Breaking Down the Industry Attacks on the Proposed Bloomberg Soda Ban

More

The world's beverage makers have launched a bevy of attacks on New York's proposed modest restrictions, but they don't hold up to scrutiny.

Food Politics

Mayor Bloomberg's proposal to limit sugary soft drinks to 16 ounces has elicited an industry counter attack as well as much attention to the role of sugary drinks in obesity.

The soda industry established a new organization, "Let's Clear It Up," with a website to spin the science.

Soda is a hot topic. And the conversation is full of opinions and myths, but not enough facts. America's beverage companies created this site to clear a few things up about the products we make. So read on. Learn. And share the clarity.

Myth: The obesity epidemic can be reversed if people stop drinking soda. [I'm not aware that anyone is claiming this. Bloomberg's proposal is aimed at making it easier for soda drinkers to reduce calorie intake.]

Fact: Sugar-sweetened beverages account for only 7 percent of the calories in the average American's diet, according to government data. [The figure applies to everyone over the age of two -- to those who do and do not drink sodas. The percentage is much higher for soda drinkers.]

Coca-Cola is using a second strategy: divert attention. Its full-page ad in Sunday's New York Times said:

Everything in moderation. Except fun, try to have lots of that.

Our nation is facing an obesity problem and we're taking steps to be part of the solution. By promoting balanced diets and active lifestyles, we can make a positive difference.

By "balanced diets" Coke means varying package sizes. By "active lifestyles" Coke means partnerships with Boys & Girls Clubs of America and gifts to national parks. This approach merits its own website: livepositively.com.

And then we have USA Today's not-to-be-missed interview with Katie Bayne, Coke's president of sparkling beverages in North America:

Q: Is there any merit to limits being placed on the size of sugary drinks folks can buy?

A: Sugary drinks can be a part of any diet as long as your calories in balance with the calories out. Our responsibility is to provide drink in all the sizes that consumers might need. [Need?]

Q: But critics call soft drinks "empty" calories.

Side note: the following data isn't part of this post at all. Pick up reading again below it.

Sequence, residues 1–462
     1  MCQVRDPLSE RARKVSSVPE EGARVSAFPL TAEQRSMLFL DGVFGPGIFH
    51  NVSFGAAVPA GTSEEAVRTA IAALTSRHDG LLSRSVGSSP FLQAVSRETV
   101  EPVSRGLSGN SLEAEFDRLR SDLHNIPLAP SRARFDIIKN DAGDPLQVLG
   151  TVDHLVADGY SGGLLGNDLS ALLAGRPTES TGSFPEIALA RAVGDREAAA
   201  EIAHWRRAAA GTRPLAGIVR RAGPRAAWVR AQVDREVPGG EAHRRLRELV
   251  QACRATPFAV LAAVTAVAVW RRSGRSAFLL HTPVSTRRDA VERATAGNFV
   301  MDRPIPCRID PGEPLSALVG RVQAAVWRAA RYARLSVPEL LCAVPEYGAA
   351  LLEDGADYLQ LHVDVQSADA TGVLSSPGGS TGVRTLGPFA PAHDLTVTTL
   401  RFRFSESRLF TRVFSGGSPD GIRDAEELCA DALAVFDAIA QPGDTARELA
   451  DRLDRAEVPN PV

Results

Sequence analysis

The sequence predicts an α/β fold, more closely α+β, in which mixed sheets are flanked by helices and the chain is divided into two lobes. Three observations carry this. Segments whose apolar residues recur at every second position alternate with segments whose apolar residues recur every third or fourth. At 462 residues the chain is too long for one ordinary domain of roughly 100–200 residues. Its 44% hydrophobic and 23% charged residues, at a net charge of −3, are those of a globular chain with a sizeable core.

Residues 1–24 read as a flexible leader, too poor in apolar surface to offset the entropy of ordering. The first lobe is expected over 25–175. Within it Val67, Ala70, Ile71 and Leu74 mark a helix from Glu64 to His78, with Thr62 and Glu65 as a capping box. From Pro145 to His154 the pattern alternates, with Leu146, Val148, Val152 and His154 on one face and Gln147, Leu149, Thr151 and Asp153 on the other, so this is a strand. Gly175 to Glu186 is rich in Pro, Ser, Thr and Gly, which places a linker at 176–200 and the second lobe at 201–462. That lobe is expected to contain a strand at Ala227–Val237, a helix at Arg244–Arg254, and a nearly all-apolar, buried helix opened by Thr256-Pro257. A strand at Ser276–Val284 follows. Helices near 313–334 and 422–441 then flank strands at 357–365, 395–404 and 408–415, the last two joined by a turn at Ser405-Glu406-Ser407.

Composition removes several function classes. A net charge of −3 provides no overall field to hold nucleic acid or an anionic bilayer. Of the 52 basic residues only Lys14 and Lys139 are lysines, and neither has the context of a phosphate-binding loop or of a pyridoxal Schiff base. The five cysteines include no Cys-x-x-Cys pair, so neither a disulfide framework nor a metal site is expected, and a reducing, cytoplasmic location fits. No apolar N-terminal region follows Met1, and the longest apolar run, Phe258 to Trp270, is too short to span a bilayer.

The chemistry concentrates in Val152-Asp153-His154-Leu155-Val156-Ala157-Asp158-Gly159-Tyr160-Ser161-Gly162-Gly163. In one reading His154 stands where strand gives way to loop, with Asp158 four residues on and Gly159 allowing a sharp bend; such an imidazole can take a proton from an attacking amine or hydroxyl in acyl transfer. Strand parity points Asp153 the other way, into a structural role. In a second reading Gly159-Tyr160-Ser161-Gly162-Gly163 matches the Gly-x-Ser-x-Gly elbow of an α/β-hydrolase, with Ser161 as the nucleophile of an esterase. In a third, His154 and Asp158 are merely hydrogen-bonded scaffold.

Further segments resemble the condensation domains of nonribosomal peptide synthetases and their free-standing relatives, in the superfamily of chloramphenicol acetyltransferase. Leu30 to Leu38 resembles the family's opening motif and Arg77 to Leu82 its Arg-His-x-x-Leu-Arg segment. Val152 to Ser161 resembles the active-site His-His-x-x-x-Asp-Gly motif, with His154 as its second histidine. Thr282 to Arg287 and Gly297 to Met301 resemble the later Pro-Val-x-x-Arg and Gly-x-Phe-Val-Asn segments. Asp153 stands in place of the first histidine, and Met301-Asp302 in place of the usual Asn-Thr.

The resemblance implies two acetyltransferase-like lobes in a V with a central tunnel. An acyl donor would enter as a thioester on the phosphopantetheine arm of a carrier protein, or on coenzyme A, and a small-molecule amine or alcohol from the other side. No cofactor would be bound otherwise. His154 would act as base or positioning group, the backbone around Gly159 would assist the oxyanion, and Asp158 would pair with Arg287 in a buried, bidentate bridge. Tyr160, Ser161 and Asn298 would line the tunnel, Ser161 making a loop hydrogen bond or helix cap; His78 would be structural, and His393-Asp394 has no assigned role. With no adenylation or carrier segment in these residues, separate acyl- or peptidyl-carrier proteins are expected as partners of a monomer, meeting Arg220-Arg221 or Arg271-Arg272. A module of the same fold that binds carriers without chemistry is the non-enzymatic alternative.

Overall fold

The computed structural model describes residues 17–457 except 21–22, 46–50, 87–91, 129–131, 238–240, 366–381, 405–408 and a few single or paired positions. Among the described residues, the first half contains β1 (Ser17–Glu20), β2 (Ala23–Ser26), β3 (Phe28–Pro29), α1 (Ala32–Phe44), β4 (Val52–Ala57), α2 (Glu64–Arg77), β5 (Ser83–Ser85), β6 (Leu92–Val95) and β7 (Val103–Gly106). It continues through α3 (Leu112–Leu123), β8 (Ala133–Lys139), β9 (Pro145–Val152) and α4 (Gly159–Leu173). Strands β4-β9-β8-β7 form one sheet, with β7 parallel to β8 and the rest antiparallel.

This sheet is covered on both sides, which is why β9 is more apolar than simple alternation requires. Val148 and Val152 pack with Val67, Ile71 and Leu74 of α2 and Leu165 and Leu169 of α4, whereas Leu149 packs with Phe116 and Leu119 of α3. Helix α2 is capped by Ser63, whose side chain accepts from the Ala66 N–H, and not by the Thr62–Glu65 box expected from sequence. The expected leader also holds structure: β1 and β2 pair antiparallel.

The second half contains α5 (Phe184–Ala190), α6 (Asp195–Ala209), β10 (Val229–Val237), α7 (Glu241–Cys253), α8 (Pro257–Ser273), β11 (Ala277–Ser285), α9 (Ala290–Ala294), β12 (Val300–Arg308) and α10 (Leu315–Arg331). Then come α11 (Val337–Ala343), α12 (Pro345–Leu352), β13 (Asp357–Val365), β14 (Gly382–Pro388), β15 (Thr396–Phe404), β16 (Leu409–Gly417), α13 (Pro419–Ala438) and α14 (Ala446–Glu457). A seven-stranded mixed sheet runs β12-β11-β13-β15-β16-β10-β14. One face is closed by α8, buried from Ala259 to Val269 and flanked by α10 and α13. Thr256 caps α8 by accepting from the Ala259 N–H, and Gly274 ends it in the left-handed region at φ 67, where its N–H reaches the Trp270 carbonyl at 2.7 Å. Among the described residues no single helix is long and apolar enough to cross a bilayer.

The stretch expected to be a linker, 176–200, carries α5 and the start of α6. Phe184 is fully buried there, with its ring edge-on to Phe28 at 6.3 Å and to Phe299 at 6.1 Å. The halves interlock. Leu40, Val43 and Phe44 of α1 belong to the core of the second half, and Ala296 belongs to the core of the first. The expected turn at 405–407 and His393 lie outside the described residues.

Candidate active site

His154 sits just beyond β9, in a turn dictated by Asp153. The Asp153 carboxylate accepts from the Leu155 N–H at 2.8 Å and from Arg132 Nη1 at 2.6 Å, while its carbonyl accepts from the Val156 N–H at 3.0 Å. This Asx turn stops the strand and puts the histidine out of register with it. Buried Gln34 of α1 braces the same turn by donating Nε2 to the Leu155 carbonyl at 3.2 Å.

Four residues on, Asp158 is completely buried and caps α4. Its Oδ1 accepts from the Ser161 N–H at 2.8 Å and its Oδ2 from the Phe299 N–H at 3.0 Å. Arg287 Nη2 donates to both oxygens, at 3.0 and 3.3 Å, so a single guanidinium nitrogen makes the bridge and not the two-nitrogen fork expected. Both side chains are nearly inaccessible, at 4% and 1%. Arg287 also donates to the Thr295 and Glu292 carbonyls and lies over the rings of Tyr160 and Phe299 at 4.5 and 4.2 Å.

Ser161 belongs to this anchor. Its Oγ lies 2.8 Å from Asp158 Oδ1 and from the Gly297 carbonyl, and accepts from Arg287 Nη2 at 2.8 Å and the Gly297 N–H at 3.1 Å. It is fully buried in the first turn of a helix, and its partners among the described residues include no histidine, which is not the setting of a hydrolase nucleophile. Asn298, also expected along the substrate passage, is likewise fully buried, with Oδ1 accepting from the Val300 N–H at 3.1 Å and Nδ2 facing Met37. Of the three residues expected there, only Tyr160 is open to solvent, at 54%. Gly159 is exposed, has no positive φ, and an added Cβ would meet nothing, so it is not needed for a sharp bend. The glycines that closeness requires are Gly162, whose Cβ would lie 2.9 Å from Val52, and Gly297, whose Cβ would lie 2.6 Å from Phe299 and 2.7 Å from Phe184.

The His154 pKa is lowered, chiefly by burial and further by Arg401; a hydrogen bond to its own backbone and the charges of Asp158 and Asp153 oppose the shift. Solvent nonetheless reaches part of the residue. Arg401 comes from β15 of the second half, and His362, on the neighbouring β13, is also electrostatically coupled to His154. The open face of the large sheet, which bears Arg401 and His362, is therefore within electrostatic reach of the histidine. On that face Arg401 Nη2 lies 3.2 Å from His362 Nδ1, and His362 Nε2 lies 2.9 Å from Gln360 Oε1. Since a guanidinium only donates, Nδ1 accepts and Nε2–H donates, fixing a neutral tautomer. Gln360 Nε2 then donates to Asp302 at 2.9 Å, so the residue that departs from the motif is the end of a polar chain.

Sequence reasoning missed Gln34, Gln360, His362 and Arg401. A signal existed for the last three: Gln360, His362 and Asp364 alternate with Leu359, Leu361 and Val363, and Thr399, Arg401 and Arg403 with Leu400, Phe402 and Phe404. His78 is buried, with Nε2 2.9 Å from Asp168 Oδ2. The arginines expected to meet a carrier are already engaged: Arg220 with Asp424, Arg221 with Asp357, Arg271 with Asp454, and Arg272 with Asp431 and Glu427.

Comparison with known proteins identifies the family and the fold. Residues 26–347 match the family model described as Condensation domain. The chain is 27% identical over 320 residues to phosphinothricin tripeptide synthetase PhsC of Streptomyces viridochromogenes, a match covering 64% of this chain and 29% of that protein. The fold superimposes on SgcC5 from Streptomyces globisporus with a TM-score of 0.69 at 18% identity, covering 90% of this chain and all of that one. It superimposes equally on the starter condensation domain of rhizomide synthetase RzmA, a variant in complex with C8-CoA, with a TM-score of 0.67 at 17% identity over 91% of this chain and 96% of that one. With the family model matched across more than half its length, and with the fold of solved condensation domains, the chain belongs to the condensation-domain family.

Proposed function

A: A calorie is a calorie. What our drinks offer is hydration. That's essential to the human body. We offer great taste and benefits whether it's an uplift or carbohydrates or energy. We don't believe in empty calories. We believe in hydration. [Water, anyone?]

Finally, there's the Washington Post interview with Todd Putman, a former Coke marketing executive now in recovery.

Putman, whose positions at Coca-Cola included U.S. head of marketing for carbonated drinks, said in the interview that among his achievements was tailoring the company's national advertising campaigns to specific groups. The approach helped Coca-Cola intensify marketing to target audiences such as African Americans and Hispanics.

"It was just a fact that Hispanics and African Americans have higher per capita consumption of sugar-based soft drinks than white Americans," he said. "We knew that if we got more products into those environments those segments would drink more."

Is the soda industry behind the Center for Consumer Freedom's Nanny Bloomberg ad? I've yet to hear denials.

TEMPLATEFoodPolitics02.jpg

This post originally appeared on Food Politics, an Atlantic partner site.



Jump to comments
Presented by

Marion Nestle is a professor in the Department of Nutrition, Food Studies, and Public Health at New York University. She is the author of Food Politics, Safe Food, What to Eat, and Pet Food Politics. More

Nestle also holds appointments as Professor of Sociology at NYU and Visiting Professor of Nutritional Sciences at Cornell. She is the author of three prize-winning books: Food Politics: How the Food Industry Influences Nutrition and Health (revised edition, 2007), Safe Food: The Politics of Food Safety (2003), and What to Eat (2006). Her most recent book is Feed Your Pet Right: The Authoritative Guide to Feeding Your Dog and Cat. She writes the Food Matters column for The San Francisco Chronicle and blogs almost daily at Food Politics.

Get Today's Top Stories in Your Inbox (preview)

A Fascinating Short Film About the Multiverse

If life is a series of infinite possibilities, what does it mean to be alive?


Elsewhere on the web

Join the Discussion

After you comment, click Post. If you’re not already logged in you will be asked to log in or register. blog comments powered by Disqus

Video

The Death of Film

You'll never hear the whirring sound of a projector again.

Video

How to Hunt With Poison Darts

A Borneo hunter explains one of his tribe's oldest customs: the art of the blowpipe

Video

A Delightful, Pixar-Inspired Cartoon

An action figure and his reluctant sidekick trek across a kitchen in search of treasure.

Video

I Am an Undocumented Immigrant

"I look like a typical young American."

Video

Why Did I Study Physics?

Using hand-drawn cartoons to explain an academic passion

Writers

Up
Down

More in Health

From This Author

Just In